Studio 360

A Wild and Crazy Anniversary

Forty years ago, Steve Martin made comedy history with A Wild and Crazy Guy and “King Tut.”

Steve Martin.

MediaPunch Inc./Alamy

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It was 40 years ago when Steve Martin released the concert album A Wild and Crazy Guy.

These days Martin is known as an actor, a novelist, a playwright, an accomplished banjo player, and a major art collector. But before all that, he was best known for wearing a stupid joke arrow on his head—or a pair of rabbit ears.

He wears those rabbit ears, and a white suit, on the cover of A Wild and Crazy Guy, his second stand-up comedy album.

That record proved he had command of the full comic spectrum—high-concept surrealism as well as broad comedy that simultaneously made fun of broad comedy.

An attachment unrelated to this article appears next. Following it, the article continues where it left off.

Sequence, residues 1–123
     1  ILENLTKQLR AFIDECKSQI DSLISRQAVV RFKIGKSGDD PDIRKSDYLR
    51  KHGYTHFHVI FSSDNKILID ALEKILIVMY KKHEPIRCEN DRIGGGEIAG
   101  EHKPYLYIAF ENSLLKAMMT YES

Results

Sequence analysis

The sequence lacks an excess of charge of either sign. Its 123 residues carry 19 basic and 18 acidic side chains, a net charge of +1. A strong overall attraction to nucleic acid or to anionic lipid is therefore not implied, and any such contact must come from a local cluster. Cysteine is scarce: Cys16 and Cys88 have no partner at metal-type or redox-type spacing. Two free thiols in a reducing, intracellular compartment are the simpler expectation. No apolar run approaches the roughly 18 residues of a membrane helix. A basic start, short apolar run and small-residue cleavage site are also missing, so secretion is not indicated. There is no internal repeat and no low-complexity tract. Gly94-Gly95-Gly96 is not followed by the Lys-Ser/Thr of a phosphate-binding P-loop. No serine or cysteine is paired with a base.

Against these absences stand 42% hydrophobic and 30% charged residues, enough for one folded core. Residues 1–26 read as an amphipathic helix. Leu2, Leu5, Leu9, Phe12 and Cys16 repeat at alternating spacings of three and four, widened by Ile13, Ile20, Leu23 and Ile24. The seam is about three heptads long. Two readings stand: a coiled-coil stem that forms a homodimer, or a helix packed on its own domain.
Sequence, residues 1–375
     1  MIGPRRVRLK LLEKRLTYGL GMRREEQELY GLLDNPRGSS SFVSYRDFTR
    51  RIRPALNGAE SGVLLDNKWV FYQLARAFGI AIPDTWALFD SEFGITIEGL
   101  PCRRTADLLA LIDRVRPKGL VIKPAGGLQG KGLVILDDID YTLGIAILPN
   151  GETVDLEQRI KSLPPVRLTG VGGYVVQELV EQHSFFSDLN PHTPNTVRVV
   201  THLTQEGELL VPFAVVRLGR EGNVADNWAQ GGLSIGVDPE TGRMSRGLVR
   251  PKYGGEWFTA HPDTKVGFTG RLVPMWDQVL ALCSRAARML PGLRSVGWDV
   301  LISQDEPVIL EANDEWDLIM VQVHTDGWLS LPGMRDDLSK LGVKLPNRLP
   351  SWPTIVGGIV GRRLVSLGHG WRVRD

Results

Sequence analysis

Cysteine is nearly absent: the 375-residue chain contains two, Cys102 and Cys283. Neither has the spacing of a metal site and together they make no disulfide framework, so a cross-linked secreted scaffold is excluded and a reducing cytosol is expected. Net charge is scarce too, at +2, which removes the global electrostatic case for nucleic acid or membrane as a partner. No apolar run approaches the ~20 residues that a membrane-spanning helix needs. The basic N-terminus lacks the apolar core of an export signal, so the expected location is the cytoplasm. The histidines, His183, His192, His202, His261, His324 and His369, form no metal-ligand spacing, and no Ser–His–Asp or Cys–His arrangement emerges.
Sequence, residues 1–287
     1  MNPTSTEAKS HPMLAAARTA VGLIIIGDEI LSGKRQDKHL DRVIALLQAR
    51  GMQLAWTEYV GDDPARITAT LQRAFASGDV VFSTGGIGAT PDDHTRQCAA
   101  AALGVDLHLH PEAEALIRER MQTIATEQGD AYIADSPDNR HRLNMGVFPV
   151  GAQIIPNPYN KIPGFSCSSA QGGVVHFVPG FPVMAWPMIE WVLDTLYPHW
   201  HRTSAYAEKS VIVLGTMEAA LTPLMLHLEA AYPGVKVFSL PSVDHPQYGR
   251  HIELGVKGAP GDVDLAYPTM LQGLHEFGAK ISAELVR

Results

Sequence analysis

That single was released on A Wild and Crazy Guy. The album went on to win a Grammy, and hit No. 2 on the Billboard pop album chart.

Forty years ago this summer, it was the singing voice of Martin that was bellowing out of many car windows. He had debuted the novelty song, “King Tut,” in a hilarious performance on Saturday Night Live that spring, and then it was released as a single and peaked at No. 17 on the Billboard charts in August.

If you’re a fan of vintage Saturday Night Live, you know the name of the album is the punchline to a sketch he performed there: the Festrunk Brothers—two very ’70s Czech immigrants with tight plaid trousers looking to swing with American women.

This podcast was produced by Ben Manilla and BMP Audio.

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